Philip N. Meyer is Professor of Law at Vermont Law School. He was a trial lawyer and served as Coordinator of the Lawyering Program at NYU School of Law. He is an award-winning writer who received an M.F.A. from The Writers' Workshop at The University of Iowa.

 

Professor Meyer has written extensively on issues of narrative and the law, popular culture and the law, as well as legal writing. His papers are available for free download at ssrn.com and are linked below.

 

When Worlds Collide: Exploring Intersections between Legal Writing and Clinical Pedagogy, Scholarship, and Practice

 

Confessions of a Legal Writing Instructor

 

Making the Narrative Move: Observations Based Upon Reading Gerry Spence's Closing Argument in the Estate of Karen Silkwood v. Kerr-McGee, Inc.

 

'Desperate for Love': Cinematic Influences Upon a Defendant's Closing Argument to a Jury

 

'Desperate for Love II': Further Reflections on the Interpenetration of Legal and Popular Storytelling in Closing Arguments to a Jury in a Complex Criminal Case

 

'Desperate for Love III': Rethinking Closing Arguments at Stories

 

'Fingers Pointing at the Moon': New Perspectives on Teaching Legal Writing and Analysis

 

Why a Jury Trial is More Like a Movie than a Novel

 

The Darkness Visible: Litigation Stories & Lawrence Joseph's Lawyerland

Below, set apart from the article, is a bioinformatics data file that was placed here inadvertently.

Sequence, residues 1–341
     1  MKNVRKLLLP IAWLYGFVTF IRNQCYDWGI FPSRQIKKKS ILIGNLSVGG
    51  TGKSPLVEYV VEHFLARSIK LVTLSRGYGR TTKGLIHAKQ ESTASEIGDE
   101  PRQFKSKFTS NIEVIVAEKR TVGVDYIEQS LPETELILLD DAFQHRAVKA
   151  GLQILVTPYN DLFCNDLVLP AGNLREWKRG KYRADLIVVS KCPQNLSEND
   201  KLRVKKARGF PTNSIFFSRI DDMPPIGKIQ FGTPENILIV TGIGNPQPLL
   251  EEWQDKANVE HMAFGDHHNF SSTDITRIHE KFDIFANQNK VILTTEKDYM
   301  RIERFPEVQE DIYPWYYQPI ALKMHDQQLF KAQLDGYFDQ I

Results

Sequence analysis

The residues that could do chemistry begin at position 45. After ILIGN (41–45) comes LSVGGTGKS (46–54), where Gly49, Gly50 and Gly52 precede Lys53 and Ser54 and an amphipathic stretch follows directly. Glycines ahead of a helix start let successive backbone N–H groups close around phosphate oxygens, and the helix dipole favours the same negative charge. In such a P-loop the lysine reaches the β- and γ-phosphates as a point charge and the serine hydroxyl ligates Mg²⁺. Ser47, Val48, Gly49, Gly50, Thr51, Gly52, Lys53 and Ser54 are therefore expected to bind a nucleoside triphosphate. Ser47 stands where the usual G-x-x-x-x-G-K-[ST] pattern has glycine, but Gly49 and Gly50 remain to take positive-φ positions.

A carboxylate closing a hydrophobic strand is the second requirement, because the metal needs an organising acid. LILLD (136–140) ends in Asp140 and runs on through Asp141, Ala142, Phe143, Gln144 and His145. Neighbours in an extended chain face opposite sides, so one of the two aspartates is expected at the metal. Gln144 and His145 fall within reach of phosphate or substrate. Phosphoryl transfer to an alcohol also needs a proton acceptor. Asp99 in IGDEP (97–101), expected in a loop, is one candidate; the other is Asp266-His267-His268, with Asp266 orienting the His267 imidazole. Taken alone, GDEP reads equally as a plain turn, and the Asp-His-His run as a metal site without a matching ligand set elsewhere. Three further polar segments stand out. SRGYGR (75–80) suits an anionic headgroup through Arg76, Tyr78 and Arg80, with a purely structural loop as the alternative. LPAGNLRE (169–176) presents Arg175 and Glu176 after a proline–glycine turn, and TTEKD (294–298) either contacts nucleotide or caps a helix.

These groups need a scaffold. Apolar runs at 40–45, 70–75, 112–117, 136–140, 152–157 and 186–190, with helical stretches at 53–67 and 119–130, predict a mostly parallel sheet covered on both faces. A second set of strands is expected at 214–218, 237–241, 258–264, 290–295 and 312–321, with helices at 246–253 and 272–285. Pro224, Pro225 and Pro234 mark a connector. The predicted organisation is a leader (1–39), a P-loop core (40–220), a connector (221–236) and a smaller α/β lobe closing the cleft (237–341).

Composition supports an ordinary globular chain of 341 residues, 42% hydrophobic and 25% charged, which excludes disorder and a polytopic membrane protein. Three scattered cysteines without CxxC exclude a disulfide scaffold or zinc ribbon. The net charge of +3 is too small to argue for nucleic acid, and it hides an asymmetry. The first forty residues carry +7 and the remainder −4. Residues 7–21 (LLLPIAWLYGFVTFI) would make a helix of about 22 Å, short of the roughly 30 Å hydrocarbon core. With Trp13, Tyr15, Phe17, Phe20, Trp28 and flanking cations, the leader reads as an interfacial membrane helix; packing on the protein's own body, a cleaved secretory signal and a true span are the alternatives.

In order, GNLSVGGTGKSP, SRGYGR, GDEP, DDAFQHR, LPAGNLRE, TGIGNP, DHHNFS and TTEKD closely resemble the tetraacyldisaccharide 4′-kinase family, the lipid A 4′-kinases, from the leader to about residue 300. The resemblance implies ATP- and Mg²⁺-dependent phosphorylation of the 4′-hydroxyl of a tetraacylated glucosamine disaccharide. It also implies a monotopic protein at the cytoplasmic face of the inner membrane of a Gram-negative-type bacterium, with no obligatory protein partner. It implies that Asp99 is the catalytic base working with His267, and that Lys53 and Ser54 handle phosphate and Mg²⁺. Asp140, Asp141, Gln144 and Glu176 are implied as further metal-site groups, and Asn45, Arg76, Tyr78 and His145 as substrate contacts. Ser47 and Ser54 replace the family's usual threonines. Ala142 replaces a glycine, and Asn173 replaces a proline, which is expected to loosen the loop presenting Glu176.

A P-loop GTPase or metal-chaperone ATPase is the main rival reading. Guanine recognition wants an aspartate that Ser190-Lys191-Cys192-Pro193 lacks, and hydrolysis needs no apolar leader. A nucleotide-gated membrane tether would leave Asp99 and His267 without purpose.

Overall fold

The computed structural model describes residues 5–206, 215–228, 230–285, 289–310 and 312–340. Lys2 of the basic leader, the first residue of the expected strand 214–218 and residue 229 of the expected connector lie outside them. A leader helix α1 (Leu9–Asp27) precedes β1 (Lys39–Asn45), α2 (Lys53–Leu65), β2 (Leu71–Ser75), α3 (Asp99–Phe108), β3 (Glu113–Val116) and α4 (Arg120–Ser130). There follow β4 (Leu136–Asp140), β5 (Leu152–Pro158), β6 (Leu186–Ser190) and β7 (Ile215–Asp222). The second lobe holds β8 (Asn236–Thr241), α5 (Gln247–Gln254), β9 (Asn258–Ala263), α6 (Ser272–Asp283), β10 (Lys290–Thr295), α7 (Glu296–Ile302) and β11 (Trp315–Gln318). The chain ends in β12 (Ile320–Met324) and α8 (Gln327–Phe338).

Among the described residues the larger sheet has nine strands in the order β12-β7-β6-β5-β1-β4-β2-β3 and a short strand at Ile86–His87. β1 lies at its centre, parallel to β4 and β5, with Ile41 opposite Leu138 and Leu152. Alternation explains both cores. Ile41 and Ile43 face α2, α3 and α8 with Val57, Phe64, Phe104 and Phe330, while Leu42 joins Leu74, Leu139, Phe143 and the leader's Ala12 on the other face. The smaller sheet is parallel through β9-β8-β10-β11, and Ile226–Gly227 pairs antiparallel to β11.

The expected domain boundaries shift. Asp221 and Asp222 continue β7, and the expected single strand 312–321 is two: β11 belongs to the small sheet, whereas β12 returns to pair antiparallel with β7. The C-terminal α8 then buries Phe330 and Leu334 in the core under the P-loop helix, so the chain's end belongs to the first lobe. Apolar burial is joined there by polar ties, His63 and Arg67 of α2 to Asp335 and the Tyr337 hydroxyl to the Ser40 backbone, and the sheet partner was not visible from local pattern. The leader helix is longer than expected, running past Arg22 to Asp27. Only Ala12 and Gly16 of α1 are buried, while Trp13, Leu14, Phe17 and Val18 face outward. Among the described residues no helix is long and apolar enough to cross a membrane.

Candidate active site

Introduction: Will You Please Be Quiet, Please? Lawyers Listening to the Call of Stories

 

Are the Characters in a Death Penalty Brief Like the Characters in a Movie?

 

Using Non-Fiction Films as Visual Texts in the First-Year Criminal Law Course

 

Convicts, Criminals, Prisoners, and Outlaws: A Course in Popular Storytelling

 

Retelling the Darkest Story: Mystery, Suspense, and Detectives in a Brief Written on Behalf of a Condemned Inmate

 

Vignettes from a Narrative Primer

 

When Worlds Collide: Exploring Intersections between Legal Writing and Clinical Pedagogy, Scholarship, and Practice

 

Adaptation: What Post-Conviction Relief Practitioners in Death Penalty Cases Might Learn from Popular Storytellers About Narrative Persuasion

 

'The Pathology of Practice,' A Short Story

 

Criminality, Obsessive Compulstion, and Aesthetic Rage in 'Straight Time'

 

 

Philip N. Meyer